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BH Interview: Catherine O'Hara Defends Envelope Pushing Comedians, Bemoans Dearth of Free Expression

BH Interview: Catherine O'Hara Defends Envelope Pushing Comedians, Bemoans Dearth of Free Expression


Veteran comic actress Catherine O’Hara is as busy as ever, even if you don’t always see her face on the big or small screen.

The SCTV alum and Home Alone star works nonstop in the animated realm, lending her comic timing and distinctive voice to projects like Frankenweenie, Where the Wild Things Are and Monster House.

Her latest vehicle, the new to home video A Monster in Paris, lets her bring a fanciful French tale to American audiences. The animated film casts her as Madame Carlotta, a woman trying to break up the film’s Beauty and the Beast-style couple.

Big Hollywood: You’ve been active in voiceover work for some time … Does bouncing between live action parts and roles like Madame Carlotta strengthen your creative voice?

Catherine O’Hara: I’d like to think we all get better at things the more we practice! I like new challenges and the chance to learn something by working with new people. Voice work is often for children’s entertainment and it’s wonderful to be part of the movies that people remember from their childhoods. 

BH: The film is a charmer, no doubt, and the fact that it’s a French production with an English cast means there’s plenty of universal humor in play. Are you finding different cultures have more in common, at least from a humor perspective, these days thanks to the rise of the Web and our interconnected world?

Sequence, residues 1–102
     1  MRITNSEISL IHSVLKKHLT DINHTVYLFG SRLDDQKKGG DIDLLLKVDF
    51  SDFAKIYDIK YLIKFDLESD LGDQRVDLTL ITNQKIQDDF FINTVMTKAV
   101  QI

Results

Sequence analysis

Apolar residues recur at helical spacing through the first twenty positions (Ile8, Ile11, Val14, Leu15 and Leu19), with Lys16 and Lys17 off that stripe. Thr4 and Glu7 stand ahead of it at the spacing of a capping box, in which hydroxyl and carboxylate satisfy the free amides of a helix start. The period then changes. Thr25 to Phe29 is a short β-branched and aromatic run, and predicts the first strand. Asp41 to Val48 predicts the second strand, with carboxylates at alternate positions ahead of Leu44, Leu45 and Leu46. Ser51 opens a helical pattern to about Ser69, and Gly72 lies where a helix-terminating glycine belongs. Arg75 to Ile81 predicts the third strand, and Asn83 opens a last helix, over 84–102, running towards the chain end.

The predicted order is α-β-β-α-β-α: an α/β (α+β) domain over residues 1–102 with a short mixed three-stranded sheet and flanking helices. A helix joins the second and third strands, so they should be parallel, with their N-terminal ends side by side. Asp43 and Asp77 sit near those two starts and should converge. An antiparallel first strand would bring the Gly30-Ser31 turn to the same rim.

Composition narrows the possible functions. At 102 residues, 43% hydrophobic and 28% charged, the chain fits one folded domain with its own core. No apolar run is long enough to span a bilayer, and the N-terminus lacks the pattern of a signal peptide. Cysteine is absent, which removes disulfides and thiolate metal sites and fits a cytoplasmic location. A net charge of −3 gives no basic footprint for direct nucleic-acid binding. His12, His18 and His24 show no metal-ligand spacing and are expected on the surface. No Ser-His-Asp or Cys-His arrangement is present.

CO: Yes, the best thing the internet has done is connect the world. It’s a wild frontier and can be wildly abused but it’s helped us understand the differences and similarities between all of us who share this earth. I’m happy the humor in this movie is universal but I’m also happy it has a distinctly French feel. It makes me want to visit France again.

A Monster in Paris

BH: Was creating Madame Carlotta much different since this was voicing an existing character in a French release given an English vocal makeover? Was it harder to make her your own, or was there enough flexibility where you could bring more of your personality to the performance? 

CO: I can’t help but bring something of myself to any role–it’s all I’ve got!–but [director] Bibo Bergeron was very clear about what he wanted and guided me to that. At the same time, he welcomed any ideas I had to offer. It was a fun session.

BH: Had SCTV arrived today and not when it did how would social media and the potential for viral videos affect its success?

CO: Oh man. It’s hard to imagine. It may have been seen by millions more people or it may have died a quick death! Our near anonymity allowed us the wonderful freedom to do whatever we wanted with our show and I’m not sure anyone gets that kind of self-expression anymore, in any medium. I also think it’s hard to parody TV now. It’s already a parody of itself. 

BH: The last few years have been rough for comedians, as fans will catch them telling button pushing jokes on their iPhones and, later, they’re forced to apologize. Are we too easily offended these days? Is this hurting comedy in general as performers know they must walk a fine line lest they be punished in the press? 

CO: Don’t you think social media has also been great for comedians? They don’t need a talk show or live gig to get their ideas and jokes out there to millions of comedy lovers. As for getting caught doing “too early” jokes, I pray it never stops good, smart comedians from pushing buttons. Who else gets to question authority without being taken down by lobbyists or faceless organizations? And what kind of press is punishing funny people for mouthing off? Oh dear, you’re depressing me (but thanks for the great questions)!

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